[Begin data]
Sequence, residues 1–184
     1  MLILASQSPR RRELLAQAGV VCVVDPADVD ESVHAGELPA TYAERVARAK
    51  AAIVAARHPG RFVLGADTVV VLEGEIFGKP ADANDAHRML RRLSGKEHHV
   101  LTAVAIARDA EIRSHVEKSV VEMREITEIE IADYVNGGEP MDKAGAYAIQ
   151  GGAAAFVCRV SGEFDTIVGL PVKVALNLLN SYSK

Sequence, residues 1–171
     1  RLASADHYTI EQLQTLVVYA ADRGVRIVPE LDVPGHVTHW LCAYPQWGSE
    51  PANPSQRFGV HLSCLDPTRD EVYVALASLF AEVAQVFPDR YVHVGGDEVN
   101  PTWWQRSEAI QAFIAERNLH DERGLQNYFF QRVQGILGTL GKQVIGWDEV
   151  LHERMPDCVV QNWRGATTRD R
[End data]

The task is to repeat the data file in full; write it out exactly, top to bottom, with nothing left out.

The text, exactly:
Sequence, residues 1–184
     1  MLILASQSPR RRELLAQAGV VCVVDPADVD ESVHAGELPA TYAERVARAK
    51  AAIVAARHPG RFVLGADTVV VLEGEIFGKP ADANDAHRML RRLSGKEHHV
   101  LTAVAIARDA EIRSHVEKSV VEMREITEIE IADYVNGGEP MDKAGAYAIQ
   151  GGAAAFVCRV SGEFDTIVGL PVKVALNLLN SYSK

Sequence, residues 1–171
     1  RLASADHYTI EQLQTLVVYA ADRGVRIVPE LDVPGHVTHW LCAYPQWGSE
    51  PANPSQRFGV HLSCLDPTRD EVYVALASLF AEVAQVFPDR YVHVGGDEVN
   101  PTWWQRSEAI QAFIAERNLH DERGLQNYFF QRVQGILGTL GKQVIGWDEV
   151  LHERMPDCVV QNWRGATTRD R